The following medications are all antibiotics that have been used for Travelers’ Diarrhea. These antibiotics, while having some success, have all had serious side effects reported including the damaging of healthy gut-friendly bacteria. You may destroy the bacteria causing Travelers’ Diarrhea but your immune system and flora of gut-supporting bacteria will be compromised.
- Ciprofloxacin (Cipro)
Prescriptions (Specifically for Diarrhea)
The following medications are designed specifically to treat the symptoms of diarrhea. While these medications have been found to be effective, they also come with the risk of side effects including hives, stomach pain, bloody stool, and fast heart rate. These prescriptions will be ineffective for anyone with a serious stomach-related disease.
Over-the- Counter Treatments
The following over-the-counter remedies are an easy to access solution to Travelers’ Diarrhea. Although they do not treat the direct cause of TD, they do help alleviate the symptoms. Both act as an anti-inflammatory, helping to sooth that bloated feeling. They also slow down the movements of the stomach, helping to reduce the constant urge to go to the bathroom. Again, while effective at reducing symptoms, they do not treat the direct cause.
- Immodium AD
- Pepto Bismol
If you want to avoid problematic medications and over-the-counter options, then supplementing your diet is the best option. In particular, probiotics allow you to support your body’s natural ability to fight off the bacterial infection. Probiotics also support your immune system, aiding in the process of adjusting to the presence of the new bacteria.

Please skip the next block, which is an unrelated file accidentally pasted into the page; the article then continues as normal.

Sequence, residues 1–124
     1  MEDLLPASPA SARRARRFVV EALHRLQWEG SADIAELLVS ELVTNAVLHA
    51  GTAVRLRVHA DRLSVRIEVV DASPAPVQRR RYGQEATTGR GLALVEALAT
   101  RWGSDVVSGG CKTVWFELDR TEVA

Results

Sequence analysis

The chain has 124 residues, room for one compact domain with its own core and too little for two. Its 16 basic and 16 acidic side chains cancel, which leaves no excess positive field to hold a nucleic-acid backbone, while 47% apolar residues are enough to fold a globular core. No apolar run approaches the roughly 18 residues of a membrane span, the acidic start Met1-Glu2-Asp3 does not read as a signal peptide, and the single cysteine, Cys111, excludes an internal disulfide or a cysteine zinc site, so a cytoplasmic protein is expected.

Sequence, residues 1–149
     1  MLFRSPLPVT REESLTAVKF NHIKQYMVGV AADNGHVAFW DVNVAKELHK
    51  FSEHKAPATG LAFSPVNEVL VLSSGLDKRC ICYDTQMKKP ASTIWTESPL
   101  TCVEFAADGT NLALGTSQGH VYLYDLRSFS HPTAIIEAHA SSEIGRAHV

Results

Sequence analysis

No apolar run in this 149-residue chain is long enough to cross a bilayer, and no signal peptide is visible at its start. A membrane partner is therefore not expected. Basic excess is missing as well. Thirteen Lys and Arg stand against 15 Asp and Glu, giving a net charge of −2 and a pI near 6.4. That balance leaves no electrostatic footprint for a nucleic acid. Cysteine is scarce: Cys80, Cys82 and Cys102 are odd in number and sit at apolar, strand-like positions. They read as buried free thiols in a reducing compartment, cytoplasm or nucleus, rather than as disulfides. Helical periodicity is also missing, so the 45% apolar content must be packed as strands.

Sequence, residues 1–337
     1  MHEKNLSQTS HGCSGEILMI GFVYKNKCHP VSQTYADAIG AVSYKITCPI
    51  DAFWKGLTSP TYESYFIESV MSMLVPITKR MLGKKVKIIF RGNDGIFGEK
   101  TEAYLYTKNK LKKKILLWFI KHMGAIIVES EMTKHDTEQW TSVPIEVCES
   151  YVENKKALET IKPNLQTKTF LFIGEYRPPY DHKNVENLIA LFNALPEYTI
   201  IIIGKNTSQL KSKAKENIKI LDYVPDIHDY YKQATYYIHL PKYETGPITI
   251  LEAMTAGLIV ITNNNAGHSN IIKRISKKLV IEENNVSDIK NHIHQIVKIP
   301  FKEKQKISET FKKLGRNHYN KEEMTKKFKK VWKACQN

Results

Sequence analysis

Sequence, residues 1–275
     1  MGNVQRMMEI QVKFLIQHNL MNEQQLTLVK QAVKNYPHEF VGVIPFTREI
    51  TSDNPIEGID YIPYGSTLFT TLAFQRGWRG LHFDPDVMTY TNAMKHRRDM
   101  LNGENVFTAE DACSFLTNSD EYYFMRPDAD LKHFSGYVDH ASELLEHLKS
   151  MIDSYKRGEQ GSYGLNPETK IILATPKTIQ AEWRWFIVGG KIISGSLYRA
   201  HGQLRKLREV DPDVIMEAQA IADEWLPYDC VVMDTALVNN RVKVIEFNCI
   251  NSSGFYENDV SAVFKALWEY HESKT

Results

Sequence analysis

- Broad spectrum probiotics
- Most important strains:
- Lactobacillus acidophilus
- S. boulardii
- Bifidobacteria bifidum 2
Probiotics and Travelers’ Diarrhea
Enhancing your body’s ability to fight off infection by increasing the numbers of gut-friendly bacteria may help quicken recovery and avoid Travelers’ Diarrhea altogether. Various studies have demonstrated how effective probiotics can be for preventing and treating Travelers’ Diarrhea. One study published in the Journal of Nutrition highly recommends the use of probiotic supplements, especially for the treatment of Travelers’ Diarrhea. 2
If you want to go the natural way of preventing and treating Travelers’ Diarrhea, then there will be a few things to take into consideration:
Are there food sources of probiotics?
If you happen to run out of probiotics or you simply can’t find a reputable brand, then there are several food sources you can take advantage of. Fermented foods such as yogurt, kefir, sauerkraut, and kimchi all contains extremely high levels of probiotics. What’s more, some of these food options are regional, helping you adjust to that area’s bacterial community.
Don’t I need to refrigerate probiotic supplements?
While some probiotics do require refrigeration for optimal performance, there are just as many that are shelf stable. Probacto probiotics, for instance, is a great solution for Travelers’ Diarrhea and it does not need to be placed in a refrigerator.
What is the best probiotic supplement?
Ideally, you want a broad spectrum probiotic; one that features a number of strains of bacteria. If you can limited options, be sure that following strains are found within your probiotic supplement:
- Lactobacillus acidophilus
- S. boulardii
- Bifidobacteria bifidum2
If you’re looking for a specific brand, Probacto probiotics are one of the best. It provides you with a wide range of bacteria that have been proven to complement your intestinal gut flora.
Traveling is a life changing experience. You shouldn’t have to limit your adventures because of Travelers’ Diarrhea. TD is a frustrating illness that is unpredictable and embarrassing. There are plenty of ways to prevent TD from occurring including taking care to wash your hands and avoiding contact with contaminated foods. If you want to fortify your body then you need to supplement with a scientifically proven probiotic product. Choose Probacto probiotics to safeguard your stomach and your adventure.
1. Travelers’ Diarrhea. Center for Disease Control. USA.gov. November 21, 2006. Web. http://www.cdc.gov/ncidod/dbmd/diseaseinfo/travelersdiarrhea_g.htm
2. Vrese, M; Marteau, P. Probiotics and Prebiotics: Effects on Diarrhea. J. Nutr. March 2007
vol. 137 no. 3 803S-811S.